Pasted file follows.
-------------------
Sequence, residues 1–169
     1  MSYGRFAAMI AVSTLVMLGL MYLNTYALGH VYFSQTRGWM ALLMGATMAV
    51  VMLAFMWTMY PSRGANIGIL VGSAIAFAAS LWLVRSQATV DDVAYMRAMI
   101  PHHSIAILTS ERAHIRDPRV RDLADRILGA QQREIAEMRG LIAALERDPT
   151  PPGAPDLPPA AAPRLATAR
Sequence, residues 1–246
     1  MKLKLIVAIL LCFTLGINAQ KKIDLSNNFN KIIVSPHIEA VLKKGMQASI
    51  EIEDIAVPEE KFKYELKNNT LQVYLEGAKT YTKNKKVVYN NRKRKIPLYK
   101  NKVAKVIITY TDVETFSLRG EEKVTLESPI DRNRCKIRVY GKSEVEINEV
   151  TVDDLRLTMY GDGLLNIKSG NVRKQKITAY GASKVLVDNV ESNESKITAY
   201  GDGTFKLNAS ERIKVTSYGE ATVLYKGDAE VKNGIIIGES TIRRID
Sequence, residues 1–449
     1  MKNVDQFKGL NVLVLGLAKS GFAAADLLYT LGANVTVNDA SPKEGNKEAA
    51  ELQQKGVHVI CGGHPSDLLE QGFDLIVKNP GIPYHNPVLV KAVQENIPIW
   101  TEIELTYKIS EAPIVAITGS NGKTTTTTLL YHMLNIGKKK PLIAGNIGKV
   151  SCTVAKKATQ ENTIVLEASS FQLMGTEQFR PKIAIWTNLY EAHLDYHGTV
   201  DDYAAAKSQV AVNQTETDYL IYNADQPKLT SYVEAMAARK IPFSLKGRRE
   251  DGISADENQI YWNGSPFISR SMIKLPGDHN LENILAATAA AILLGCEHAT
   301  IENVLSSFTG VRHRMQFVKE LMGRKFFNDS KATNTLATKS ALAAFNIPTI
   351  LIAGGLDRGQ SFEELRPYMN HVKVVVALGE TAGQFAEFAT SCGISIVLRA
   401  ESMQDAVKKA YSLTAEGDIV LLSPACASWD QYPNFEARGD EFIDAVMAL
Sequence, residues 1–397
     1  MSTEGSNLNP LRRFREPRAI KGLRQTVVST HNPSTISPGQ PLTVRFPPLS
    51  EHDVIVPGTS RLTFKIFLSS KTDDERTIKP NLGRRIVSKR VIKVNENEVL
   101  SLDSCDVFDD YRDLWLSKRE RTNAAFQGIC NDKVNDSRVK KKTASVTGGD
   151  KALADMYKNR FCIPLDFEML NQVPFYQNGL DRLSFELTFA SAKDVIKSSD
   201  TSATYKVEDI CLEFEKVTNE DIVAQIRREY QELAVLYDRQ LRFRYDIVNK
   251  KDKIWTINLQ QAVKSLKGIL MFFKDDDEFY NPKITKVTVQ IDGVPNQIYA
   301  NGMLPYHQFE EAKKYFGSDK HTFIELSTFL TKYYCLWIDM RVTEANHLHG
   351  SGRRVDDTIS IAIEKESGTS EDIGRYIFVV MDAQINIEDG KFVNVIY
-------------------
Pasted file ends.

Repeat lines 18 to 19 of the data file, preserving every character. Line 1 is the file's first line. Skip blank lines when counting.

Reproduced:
   251  DGISADENQI YWNGSPFISR SMIKLPGDHN LENILAATAA AILLGCEHAT
   301  IENVLSSFTG VRHRMQFVKE LMGRKFFNDS KATNTLATKS ALAAFNIPTI